The debut EP “Duality I” from Swedish metallers We Are To Blame denotes the birth of a new musical act from the marriage of melodic riff-driven Power metal with dramatic poppy female vocals. It’s easy to think this album was made for the Symphonic/Gothic Metal fan demographic, but let me break down the reason this record has something in store for everyone.
First of All, the story of how this trio came together and how they audaciously presented that story to the press is extremely interesting in its own right. Johan Karlsson posted an ad that bluntly stated he was looking for a female pop vocalist to join a metal project. ِAlice Hartvig, who by then had not been involved with metal music whatsoever, decided to take on the challenge she was fearful of yet thrilled for, and the results were magical, to say the least. The trio was completed when second axeman Urban Granbacke joined them. On the first track, Breathe, we can immediately hear the similarities to existing female-fronted bands and subgenre movements that happened from the late 90s to the early 2000s when Symphonies and gothic aesthetics were taking the metal world by storm.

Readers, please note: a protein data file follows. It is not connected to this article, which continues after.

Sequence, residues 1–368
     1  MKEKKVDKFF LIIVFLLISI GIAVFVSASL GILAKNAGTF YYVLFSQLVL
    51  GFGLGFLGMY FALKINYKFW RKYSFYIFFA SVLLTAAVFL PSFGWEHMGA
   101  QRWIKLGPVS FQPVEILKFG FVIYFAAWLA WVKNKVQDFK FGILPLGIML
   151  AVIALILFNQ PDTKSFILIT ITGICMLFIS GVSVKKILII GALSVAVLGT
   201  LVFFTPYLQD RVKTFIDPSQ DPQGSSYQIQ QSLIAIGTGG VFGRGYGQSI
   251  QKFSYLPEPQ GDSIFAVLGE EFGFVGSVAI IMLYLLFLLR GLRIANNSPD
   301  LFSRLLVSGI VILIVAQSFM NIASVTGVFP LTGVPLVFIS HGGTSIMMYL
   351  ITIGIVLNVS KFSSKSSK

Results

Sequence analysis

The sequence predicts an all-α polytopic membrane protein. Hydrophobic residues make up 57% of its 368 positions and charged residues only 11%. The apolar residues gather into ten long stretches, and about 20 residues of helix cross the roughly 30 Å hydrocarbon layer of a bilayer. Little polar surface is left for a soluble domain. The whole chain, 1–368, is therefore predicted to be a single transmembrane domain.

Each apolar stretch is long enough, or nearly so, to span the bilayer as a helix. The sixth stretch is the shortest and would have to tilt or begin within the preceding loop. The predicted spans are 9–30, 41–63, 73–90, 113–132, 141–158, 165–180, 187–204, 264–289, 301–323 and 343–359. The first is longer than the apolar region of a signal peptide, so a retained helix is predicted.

What draws these guys apart for me though, is the uncompromising nature of the songwriting. For example, electronic synths are playing a lead melody with guitars taking on the rhythm role at the song’s intro, then they are followed by a main guitar riff during the verse, an approach other bands would dismiss in fear of taking the spotlight from the vocals. The pre-chorus of the song sounds like a strong breakdown because of the bone-crushing drum and bass lines and Alice’s strong and well-supported chest voice. Her range is wide and her style is implemented into the music the same way many modern metal singers do, meaning that the focus is mainly on the chest register, while grit, rasp and head voice are all sparse and used smartly. The amazing guitar solo that follows the bridge hones the expertise these guys have got up their sleeves. The second track, Losing Rhythm, further proves that this choice of using the chest register as the main way of singing serves this particular brand of modern metal better than any other vocal style. The song begins with a powerful melodic riff over a Steve Harris-esque bassline – just when you thought these guys are all about modernity they hit you with a traditional and classic metal aesthetic. The beautiful way Karlsson plays his main guitar riff after the chorus won’t escape your head for days, and the vocals themself have a very theatrical feeling to them this time. In the midsection of this song, there’s a great breakdown with growled vocals which all came as a beautiful surprise, as I wasn’t expecting any harsh vocals on the record.